Sleeping Bear Dunes, located far north on Lake Michigan, was declared a National Lakeshore 50 years ago this Wednesday, October 21. I haven’t gone there in decades—probably since Middle or High School at least—but still have fond memories of climbing the dunes (and probably more appropriately, rolling down them again). It’s also worth noting that the legend of the Sleeping Bear is one of the few Native American myths I know. I retold it last November during the Poem a Day challenge, and I present it here to you today, in honor of the anniversary.
Originally written November 14, 2019
Across the inland sea, the fire raged.
The forest was consumed by flame and smoke.
Within her den, the bear mother awoke.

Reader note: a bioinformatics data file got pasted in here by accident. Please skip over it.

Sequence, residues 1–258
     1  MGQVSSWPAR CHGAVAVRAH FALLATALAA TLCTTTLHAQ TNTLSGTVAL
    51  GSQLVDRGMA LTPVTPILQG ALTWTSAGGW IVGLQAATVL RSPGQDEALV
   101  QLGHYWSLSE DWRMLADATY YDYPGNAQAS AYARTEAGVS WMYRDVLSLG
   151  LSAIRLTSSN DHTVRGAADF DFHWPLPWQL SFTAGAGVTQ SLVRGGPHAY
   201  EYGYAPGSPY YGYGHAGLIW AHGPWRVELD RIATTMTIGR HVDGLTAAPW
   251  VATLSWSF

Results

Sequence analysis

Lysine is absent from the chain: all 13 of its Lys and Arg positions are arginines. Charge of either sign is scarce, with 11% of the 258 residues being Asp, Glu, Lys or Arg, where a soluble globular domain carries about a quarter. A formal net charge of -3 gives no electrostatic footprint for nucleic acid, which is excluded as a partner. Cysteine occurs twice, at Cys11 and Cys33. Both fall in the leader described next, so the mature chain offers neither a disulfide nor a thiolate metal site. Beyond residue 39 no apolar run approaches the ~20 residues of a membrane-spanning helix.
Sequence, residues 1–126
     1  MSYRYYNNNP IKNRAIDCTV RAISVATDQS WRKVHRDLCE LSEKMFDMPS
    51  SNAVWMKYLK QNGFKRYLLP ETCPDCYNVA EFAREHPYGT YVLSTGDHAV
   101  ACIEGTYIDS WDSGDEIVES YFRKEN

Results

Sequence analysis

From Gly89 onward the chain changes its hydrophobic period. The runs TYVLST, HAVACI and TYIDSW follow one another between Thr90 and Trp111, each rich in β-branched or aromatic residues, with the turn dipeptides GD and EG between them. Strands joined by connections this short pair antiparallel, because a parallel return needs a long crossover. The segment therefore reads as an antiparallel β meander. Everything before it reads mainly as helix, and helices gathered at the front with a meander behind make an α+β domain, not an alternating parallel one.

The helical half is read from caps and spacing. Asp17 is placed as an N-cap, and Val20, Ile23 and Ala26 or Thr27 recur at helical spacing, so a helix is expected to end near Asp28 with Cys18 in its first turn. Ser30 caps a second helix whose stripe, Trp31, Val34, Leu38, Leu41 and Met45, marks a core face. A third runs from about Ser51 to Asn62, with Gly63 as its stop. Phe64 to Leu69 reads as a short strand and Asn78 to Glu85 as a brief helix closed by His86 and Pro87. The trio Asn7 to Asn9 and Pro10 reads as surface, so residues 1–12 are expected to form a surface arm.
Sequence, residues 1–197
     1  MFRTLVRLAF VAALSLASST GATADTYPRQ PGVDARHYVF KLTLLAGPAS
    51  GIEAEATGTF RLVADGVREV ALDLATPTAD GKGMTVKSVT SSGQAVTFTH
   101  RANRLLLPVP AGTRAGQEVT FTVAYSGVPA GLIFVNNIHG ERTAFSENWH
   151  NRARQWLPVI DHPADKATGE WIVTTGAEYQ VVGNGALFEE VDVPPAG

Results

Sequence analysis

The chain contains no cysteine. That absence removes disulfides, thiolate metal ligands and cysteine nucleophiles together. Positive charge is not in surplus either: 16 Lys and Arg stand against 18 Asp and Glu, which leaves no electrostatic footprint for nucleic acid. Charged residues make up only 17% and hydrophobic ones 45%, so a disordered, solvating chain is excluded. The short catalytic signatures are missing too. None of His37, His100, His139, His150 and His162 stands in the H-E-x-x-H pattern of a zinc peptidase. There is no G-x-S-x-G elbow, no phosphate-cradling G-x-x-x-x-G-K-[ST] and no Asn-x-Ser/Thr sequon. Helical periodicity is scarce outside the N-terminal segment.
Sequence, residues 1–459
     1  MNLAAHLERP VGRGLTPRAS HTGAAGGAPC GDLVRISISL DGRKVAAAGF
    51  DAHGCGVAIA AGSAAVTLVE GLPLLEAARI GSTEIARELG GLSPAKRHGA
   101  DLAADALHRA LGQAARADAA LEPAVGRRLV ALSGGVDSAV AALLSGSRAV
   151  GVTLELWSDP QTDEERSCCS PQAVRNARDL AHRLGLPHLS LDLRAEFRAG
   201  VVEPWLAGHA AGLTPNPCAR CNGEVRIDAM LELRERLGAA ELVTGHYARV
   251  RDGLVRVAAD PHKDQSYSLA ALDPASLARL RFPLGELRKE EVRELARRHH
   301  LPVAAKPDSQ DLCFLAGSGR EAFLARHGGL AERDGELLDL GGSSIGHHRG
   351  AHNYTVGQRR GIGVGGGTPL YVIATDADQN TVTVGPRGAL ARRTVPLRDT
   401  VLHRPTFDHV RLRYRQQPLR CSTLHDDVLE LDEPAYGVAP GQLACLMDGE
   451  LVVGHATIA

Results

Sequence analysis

She fled, leading her cubs, small and afraid,
Up to the endless shoreline. There was no
Path of escape but to swim ‘cross the sea,
The mother, full of fear-fueled energy,
Leading the way. But her poor cubs were slow
And weak, and could not handle the great lake,
And drowned just shy of the far-distant shore,
Where their mother awaits them evermore.
The Spirit saw her—caused the Earth to shake—
And raised two islands to commemorate
Their deaths, and their poor mother, who still waits.
Photo credit: National Park Service